‘Musica Viva gets a tick in my opinion,’ says Bob Clarke, of the 70 years-old Sydney-based chamber music society that tours not only international and local artists to Australia’s major capital cities but also regional areas as well. And Musica Viva even does touring to much more remote destinations. Trish Ludgate, who was Musica Viva’s CountryWide and Export Manager from 1983-2003 has written of the logistics of early tours to outback places like Fitzroy Crossing, Kununurra, and the Pilbara – ‘the jigsaw pieces needed to be laid on a very big table.’[2] She also picked up little practical hints like not relying on a map to work out how long it will take to get from Point A to Point B, but asking a local. In fact, one of the ingredients for successful touring that Susanne mentioned to me in writing this piece is the importance of having someone on the ground as a contact point.

As someone who worked for Australian orchestras when they operated as a network in the old ABC days, I was interested in what Susanne said about the NSW Regional Conservatorium network: ‘There are 17 Regional Conservatoriums in NSW,’ she says. ‘So the New England Conservatorium (NECOM) where I used to be the director is considered a non-tertiary community conservatorium and tasked with being a hub of providing music education experiences and concerts to schools particularly and to the community.’ A glance at NECOM’s most recent newsletter, from the new director, Russell Bauer, reveals the sorts of things they’re doing: the string department helping local students work toward the Armidale Eisteddfod; Australian Music Examinations Board exams; an annual Music Day for Year 10 students from all over the New England region; Night Tours of the Newling Building, the historic old teachers’ college building where NECOM is located; also, a float in the Autumn Festival parade! The Conservatorium reaches some 5,500 students across the New England region and some 5,000 people through concert performances.

‘And’, continues Susanne, ‘every Regional Conservatorium gets funding from the state departments of education and the arts, and arts funding is aimed particularly at concert-going. It gives money to Regional Conservatoriums to bring up professional musicians and to create music concerts for their town. Part of that funding would be used for bringing up city-based groups.’

But clearly there is a lot of local activity if the regional conservatorium is helping students work toward an eisteddfod, and there are Armidale Youth Orchestras, a local Bach festival and, outside of music, organisations like ADFAS (the Armidale Decorative and Fine Arts Society), a French film festival… This squares with my experience when I lived in Alice Springs, smack bang in the middle of Australia. You might think there is nothing to do there after work but go to the pub, but you could go out every night if you wanted to – to the Society for Growing Australian Plants one night, Big Band Tuesday, or Totem Theatre the next night…

‘I’m on the board of the New England Regional Arts Museum,’ says Bob Clarke. ‘I’m on the finance committee, I’m on the fund-raising committee. And there’s a good cross-section of things to do, if you want.’ Susanne speaks of the opportunity to do really creative things like putting on concerts in heritage-listed buildings, such as woolsheds. Malcolm ended up being president of the New England Art Society.

And people really do want to muck in. ‘We would get Opera Australia’s touring group every two years or so,’ says Susanne. ‘We’d have to guarantee a fee and – and this is the big part – we’d have to provide a staff to build sets and bump in and bump out. We had eight guys for The Marriage of Figaro in 2016. That is massive. You’ve got to start at seven in the morning. You finish at one o’clock. And then as soon as the opera is finished at ten-thirty, all of those people come back and bump out until 2 o’clock in the morning. And that’s what regional people have to do to get the opera.’

But we know we’re not getting the B team, points out Susanne. And we get to hear specially-commissioned works.

But international standards? ‘I go to the Met’s live broadcasts at the local cinema, the Belgrave,’ says Bob.

GW: ‘At 10am? Is it too early for a Choc Top?’

BC: ‘How could you possibly go to the cinema and not get a Choc Top?’

‘You get ABC Classic-FM, too, don’t you?’ I ask, referring to Australia’s principal classical music station, broadcast over the entire continent.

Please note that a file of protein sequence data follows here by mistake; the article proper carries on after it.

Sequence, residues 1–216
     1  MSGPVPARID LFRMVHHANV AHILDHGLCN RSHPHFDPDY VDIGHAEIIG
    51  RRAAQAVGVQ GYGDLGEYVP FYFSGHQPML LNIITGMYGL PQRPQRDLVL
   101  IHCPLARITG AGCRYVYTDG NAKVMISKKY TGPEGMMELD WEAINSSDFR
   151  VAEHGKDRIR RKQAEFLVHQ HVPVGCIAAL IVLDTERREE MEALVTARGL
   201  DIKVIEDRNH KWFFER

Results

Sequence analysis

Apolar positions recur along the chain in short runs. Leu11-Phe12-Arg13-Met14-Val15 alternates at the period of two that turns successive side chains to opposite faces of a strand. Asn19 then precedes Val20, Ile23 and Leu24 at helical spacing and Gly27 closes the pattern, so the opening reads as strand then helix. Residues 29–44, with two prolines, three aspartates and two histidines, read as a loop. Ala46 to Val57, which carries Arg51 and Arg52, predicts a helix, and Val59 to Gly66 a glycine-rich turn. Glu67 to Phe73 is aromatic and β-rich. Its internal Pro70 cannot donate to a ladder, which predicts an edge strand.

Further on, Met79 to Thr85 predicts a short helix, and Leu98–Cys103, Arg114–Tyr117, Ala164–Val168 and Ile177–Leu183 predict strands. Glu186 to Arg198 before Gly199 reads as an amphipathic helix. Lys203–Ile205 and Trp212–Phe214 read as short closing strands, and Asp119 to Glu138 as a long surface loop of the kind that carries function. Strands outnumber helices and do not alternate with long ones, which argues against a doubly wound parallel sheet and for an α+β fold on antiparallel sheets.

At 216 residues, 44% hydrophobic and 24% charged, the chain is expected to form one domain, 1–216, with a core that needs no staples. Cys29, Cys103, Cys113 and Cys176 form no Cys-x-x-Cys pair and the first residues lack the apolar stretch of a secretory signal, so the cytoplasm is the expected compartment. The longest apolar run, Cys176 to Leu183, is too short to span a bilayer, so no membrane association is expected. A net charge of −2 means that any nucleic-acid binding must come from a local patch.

‘Yes,’ says Bob with a tone that suggests he’s shaking his head at my question, ‘and we have television.’

But what are the disadvantages? After a bit of a pause, Susanne says, ‘A lot of regional towns in NSW do have very small populations and struggle to maintain or sustain a good restaurant/café industry. There are clubs, RSLs, the ‘Servies’ [Returned Servicemen’s League clubs], but there are people who go to those and people who don’t. So you will find that the café culture is improving – particularly in the daytime – but at night and over the weekends they’ll close, so there’s not the good quality eating and dining out that you would automatically get in the city.’

Which reminds me that not all country regions are the same. On the north coast of NSW (‘the Northern Rivers’) where a bunch of similarly-sized towns sit relatively close together and form a network, you can have breakfast in Alstonville, lunch in Bangalow and dinner in Lismore. So, when you say ‘the country’ not all regions share the same demographic characteristics.

Bob Clarke lists other downsides. ‘There is a city-country divide. You become very conscious of that when you move back to the bush – the state government, for example, wanting to pull down and rebuild the Sydney Olympic stadium when the football stadium here is a row of benches slowly rotting into the ground. I don’t miss the fact that I can’t subscribe to an entire season and going down to Sydney is a fair whack of money. The groups could visit more often. But that’s a dollar issue. In a sense, up here you’re stuck with a “like it or lump it” sort of thing. But that’s the other thing about living in the bush; you accept your compromises. On the other hand if you go to a performance here it’s a social gathering – you know half the audience – and that adds to the experience.’

My wife and I have found, since living in America, that small towns are really enlivened by having a university in their midst (think Chapel Hill, Princeton, San Luis Obispo) and I’m mindful of the fact that UNE once had an ensemble of international standard, the New England Ensemble, which served as a nucleus or catalyst for musical standards in the city. That group doesn’t exist anymore but there still seems to be a lot of homegrown groups producing their own native crops. And the city-based groups look like they’re still going to keep going out to the bush. Long may they do so. As David Garrett commented on that New South Wales Symphony Orchestra’s 1938 visit to the regions, ‘If even one light went on in a youthful head, hearing and seeing an orchestra for the first time – perhaps as the Overture to Tannhäuser reached “a climax of massive brilliance” – then the experiment was surely worthwhile.’

Gordon Kalton Williams, © 2018

[1] AMPAG touring Map

[2] Trish Ludgate, article for the Musica Viva Storybook, Celebrating 70 Years of Music

Armidale in the spring from North Hill. Source: Wikimedia. Photo: Terry Cooke